Did Boris Johnson do something incredibly clever in December of last year and did Sir Keir Starmer do something extremely stupid? You might think so if you look at graphs of their approval ratings. It is to around about then that we can trace the flip in their fortunes that has since seen the Tory leader bounce back from awful ratings and the Labour leader descend from impressive ones to a dismal score. The effect has been to deepen angst about its prospects within the opposition and heighten Tory hubris.
The story of Sir Keir is an encouraging rise in public approval in the first half of his tenure as Labour leader followed by a plunge. He peaked last autumn when he was the most highly rated leader of the opposition since Tony Blair. Then a decline set in that has steepened over the past six months. One recent poll had Sir Keir as badly thought of as Jeremy Corbyn at the same point in his leadership of the Labour party. It is rare for an opposition leader to shoot up like a firework and tumble down like a stick in such a sudden fashion.
His Tory rival has been on an even more stomach-churning rollercoaster. Mr Johnson enjoyed highly positive ratings in the early stages of the crisis as the British public, like voters in most countries hit by the pandemic, “rallied to the flag” and prayed its leader knew what he was doing. His ratings went deeply negative over the summer and autumn of last year as evidence accumulated that he didn’t know what he was doing and the government lurched from debacle to reverse to fiasco. The public’s opinion of Mr Johnson began to turn as we approached the end of the year. When pollsters asked who would make best prime minister, Sir Keir was well ahead in the latter half of 2020. Now he is badly behind the incumbent.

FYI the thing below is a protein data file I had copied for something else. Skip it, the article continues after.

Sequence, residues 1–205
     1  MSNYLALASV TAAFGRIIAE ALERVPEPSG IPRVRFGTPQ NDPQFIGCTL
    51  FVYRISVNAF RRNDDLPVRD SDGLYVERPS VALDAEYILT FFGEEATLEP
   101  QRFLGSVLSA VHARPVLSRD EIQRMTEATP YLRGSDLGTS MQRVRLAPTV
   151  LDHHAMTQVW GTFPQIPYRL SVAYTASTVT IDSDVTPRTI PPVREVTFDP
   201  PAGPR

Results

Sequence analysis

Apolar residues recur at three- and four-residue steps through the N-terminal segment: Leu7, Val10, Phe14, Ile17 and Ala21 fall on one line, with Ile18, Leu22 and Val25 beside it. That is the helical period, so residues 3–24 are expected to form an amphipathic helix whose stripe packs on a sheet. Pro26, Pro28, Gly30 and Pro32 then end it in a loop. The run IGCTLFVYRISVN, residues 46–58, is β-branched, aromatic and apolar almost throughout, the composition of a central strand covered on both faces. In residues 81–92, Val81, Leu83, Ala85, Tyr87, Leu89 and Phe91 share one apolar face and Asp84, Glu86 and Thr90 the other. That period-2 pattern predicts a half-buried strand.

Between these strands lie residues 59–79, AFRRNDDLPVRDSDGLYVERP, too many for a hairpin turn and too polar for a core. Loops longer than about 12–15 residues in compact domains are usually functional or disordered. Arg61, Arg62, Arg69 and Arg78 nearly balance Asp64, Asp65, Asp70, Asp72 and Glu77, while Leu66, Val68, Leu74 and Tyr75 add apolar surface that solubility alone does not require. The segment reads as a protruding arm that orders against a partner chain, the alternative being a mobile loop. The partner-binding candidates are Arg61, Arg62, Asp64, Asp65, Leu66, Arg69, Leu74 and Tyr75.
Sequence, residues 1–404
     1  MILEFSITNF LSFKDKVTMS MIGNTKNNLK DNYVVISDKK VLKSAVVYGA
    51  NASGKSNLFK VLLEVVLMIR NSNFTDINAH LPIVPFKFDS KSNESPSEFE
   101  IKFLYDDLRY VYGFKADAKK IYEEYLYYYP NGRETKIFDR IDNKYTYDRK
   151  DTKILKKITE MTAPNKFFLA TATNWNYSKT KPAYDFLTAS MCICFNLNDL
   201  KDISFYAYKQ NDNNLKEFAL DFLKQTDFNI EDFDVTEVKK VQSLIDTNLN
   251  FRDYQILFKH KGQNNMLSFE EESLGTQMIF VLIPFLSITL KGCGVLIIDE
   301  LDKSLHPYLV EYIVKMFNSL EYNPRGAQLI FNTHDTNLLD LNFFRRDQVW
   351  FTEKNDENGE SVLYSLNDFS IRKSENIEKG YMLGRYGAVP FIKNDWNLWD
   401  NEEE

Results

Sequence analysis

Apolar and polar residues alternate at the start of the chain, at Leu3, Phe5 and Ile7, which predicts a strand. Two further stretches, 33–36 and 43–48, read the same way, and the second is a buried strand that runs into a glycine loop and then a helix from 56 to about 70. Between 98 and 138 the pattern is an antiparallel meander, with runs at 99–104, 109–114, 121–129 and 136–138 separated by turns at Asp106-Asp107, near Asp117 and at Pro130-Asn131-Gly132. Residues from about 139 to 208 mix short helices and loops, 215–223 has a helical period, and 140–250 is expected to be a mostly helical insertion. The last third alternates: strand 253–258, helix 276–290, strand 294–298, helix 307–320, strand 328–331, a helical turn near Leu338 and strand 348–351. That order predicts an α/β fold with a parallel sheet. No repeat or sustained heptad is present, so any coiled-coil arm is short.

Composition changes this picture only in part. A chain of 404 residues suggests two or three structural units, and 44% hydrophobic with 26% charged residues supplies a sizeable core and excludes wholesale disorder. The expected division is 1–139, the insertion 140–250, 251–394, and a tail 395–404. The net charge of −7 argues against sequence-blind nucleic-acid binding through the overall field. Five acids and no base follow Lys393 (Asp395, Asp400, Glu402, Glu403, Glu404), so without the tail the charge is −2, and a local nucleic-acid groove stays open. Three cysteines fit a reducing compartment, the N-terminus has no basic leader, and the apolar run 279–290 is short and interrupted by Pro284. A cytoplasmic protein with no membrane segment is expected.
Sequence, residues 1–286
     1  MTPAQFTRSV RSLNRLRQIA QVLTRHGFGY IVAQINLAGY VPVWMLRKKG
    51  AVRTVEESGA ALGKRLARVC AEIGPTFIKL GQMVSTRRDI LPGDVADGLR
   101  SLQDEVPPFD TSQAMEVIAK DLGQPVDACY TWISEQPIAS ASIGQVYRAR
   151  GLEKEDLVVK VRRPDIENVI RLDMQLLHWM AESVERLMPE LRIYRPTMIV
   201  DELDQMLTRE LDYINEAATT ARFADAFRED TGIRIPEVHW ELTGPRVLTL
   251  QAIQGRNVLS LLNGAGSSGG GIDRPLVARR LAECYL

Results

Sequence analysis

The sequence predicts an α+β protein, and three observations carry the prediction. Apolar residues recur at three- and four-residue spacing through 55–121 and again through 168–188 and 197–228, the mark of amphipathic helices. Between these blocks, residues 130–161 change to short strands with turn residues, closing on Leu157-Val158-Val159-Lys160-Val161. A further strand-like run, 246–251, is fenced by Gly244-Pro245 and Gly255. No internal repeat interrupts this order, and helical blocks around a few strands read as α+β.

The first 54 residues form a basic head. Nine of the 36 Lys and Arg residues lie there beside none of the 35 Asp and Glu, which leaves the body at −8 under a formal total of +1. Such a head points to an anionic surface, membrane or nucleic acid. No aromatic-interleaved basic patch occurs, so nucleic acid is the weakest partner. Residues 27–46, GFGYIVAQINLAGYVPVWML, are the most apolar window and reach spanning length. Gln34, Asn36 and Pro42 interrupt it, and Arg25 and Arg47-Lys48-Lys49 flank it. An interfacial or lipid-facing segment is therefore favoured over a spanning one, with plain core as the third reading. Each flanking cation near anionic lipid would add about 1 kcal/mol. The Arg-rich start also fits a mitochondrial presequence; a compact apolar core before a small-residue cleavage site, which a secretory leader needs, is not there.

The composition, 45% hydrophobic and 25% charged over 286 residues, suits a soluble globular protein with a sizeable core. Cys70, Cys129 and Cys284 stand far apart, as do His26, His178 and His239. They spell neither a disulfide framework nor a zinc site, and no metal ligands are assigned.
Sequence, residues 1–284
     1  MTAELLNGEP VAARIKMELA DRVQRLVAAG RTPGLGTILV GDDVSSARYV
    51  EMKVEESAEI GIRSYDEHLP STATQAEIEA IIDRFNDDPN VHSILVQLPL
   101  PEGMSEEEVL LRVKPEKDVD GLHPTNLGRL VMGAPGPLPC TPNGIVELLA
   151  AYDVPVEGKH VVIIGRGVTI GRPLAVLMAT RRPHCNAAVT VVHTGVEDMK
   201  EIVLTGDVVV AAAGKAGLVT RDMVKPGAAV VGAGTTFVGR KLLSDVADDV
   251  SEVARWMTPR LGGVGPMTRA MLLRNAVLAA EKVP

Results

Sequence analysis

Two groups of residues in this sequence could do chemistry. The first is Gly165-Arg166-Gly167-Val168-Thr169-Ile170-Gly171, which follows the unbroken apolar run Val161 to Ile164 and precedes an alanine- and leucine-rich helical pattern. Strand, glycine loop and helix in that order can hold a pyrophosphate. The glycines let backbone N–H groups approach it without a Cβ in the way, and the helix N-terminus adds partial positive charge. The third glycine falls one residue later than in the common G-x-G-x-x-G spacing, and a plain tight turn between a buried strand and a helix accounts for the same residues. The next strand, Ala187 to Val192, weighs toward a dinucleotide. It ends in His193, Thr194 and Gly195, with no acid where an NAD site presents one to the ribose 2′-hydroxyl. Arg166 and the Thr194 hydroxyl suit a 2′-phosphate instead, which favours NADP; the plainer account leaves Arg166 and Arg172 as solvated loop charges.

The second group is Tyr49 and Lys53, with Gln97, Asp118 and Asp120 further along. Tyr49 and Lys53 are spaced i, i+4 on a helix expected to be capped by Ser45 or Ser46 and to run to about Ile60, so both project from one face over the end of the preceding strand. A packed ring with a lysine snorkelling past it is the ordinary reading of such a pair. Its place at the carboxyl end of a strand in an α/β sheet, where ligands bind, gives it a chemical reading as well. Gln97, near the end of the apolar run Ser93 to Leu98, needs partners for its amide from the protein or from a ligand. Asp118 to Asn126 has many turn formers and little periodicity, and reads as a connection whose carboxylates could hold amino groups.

It’s not just the jabs, it is the cash injections. Tory popularity is also down to the huge amount of state money they have thrown at the crisis
So what was the Tory leader doing so right back in December and what was the Labour leader doing so wrong? The answers are nothing and nothing. The leader of the opposition was advocating tougher Covid restrictions to curb a lethal second wave, which proved to be the correct call. The prime minister was insisting that everyone could have a “normal Christmas”, which was a terrible call. Far more significant than anything either of them did was a brief procedure conducted by May Parsons, a matron at University Hospital, Coventry. On 8 December, she stuck a needle into the arm of Margaret Keenan who became the first person in the world to receive the Pfizer vaccine. About to turn 91, she described it as the “best early birthday present I could wish for because I can finally look forward to spending time with my family and friends”.